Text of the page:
Facial Expressions Don't Always Translate

Facial expressions and body language are often thought of as a universal language. However, researchers from The University of Glasgow have now discovered that the way people perceive facial expressions varies across different cultures. The research focused on the ways that natives of East Asia and Europe read emotion from facial expressions and found some surprising differences.

In the study, 13 European subjects and 13 East Asian subjects were shown slides of people displaying different emotions. They were asked to place the faces into different categories based on the emotion depicted in each slide. While the test subjects classified the pictures, researchers observed their eye movements to see what parts of the face they spent the most time looking at.

The European group did significantly better at choosing the correct emotion for each facial expression because they observed both the eyes and the mouths of the people in the pictures. The East Asian group looked primarily at the eyes. According to the researchers, this is because Asian cultures tend to use the eyes to express emotion more than the mouth.

In a press release, here’s how the researchers summed up their findings:

“In sum,” the researchers wrote:

“our data demonstrates genuine perceptual differences between Western Caucasian and East Asian observers and show that FACS-coded facial expressions are not universal signals of human emotion. From here on, examining how the different facets of cultural ideologies and concepts have diversified these basic social skills will elevate knowledge of human emotion processing from a reductionist to a more authentic representation. Otherwise, when it comes to communicating emotions across cultures, Easterners and Westerners will find themselves lost in translation.”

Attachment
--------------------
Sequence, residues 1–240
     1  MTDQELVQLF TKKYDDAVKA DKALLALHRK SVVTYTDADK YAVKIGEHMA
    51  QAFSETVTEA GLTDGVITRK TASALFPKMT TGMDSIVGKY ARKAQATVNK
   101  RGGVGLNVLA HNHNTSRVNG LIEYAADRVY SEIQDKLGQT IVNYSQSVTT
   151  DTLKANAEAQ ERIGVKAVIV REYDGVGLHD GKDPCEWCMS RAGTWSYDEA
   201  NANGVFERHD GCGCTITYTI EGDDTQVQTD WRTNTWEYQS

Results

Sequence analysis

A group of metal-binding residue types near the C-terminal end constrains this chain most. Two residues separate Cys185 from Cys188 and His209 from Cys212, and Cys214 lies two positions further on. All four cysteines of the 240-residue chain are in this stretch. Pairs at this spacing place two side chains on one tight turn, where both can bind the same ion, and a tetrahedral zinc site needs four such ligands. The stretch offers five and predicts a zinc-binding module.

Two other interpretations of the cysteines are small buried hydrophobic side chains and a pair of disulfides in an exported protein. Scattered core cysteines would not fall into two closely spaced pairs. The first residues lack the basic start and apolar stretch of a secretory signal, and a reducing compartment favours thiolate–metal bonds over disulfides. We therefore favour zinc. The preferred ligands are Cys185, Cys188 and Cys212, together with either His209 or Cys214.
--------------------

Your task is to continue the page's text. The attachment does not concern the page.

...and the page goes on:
As an interesting footnote, the press release also notes that Asian emoticons focus on the eyes. For example, Westerners indicate happiness by typing :). Asians type ^.^.

This study underscores the importance of learning at least a little bit of the local language when you travel. You can’t expect people to understand English everywhere. Depending on where you travel, you might have some difficulties communicating without words, as well.

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